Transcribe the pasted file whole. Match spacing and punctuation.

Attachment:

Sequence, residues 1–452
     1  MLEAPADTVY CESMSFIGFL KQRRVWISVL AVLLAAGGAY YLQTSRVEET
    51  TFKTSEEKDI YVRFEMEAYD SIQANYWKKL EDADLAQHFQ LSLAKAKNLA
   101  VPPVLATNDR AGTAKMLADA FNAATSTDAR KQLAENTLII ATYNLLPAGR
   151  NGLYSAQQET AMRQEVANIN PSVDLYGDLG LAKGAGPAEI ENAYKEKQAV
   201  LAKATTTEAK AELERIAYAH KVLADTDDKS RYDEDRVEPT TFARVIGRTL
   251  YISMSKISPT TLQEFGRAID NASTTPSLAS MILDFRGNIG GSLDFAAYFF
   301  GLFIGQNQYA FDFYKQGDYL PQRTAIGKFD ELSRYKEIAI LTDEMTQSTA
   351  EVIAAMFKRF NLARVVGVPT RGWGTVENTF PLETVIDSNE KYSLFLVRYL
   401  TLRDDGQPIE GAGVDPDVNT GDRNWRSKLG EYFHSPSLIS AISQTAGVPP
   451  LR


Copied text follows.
Sequence, residues 1–452
     1  MLEAPADTVY CESMSFIGFL KQRRVWISVL AVLLAAGGAY YLQTSRVEET
    51  TFKTSEEKDI YVRFEMEAYD SIQANYWKKL EDADLAQHFQ LSLAKAKNLA
   101  VPPVLATNDR AGTAKMLADA FNAATSTDAR KQLAENTLII ATYNLLPAGR
   151  NGLYSAQQET AMRQEVANIN PSVDLYGDLG LAKGAGPAEI ENAYKEKQAV
   201  LAKATTTEAK AELERIAYAH KVLADTDDKS RYDEDRVEPT TFARVIGRTL
   251  YISMSKISPT TLQEFGRAID NASTTPSLAS MILDFRGNIG GSLDFAAYFF
   301  GLFIGQNQYA FDFYKQGDYL PQRTAIGKFD ELSRYKEIAI LTDEMTQSTA
   351  EVIAAMFKRF NLARVVGVPT RGWGTVENTF PLETVIDSNE KYSLFLVRYL
   401  TLRDDGQPIE GAGVDPDVNT GDRNWRSKLG EYFHSPSLIS AISQTAGVPP
   451  LR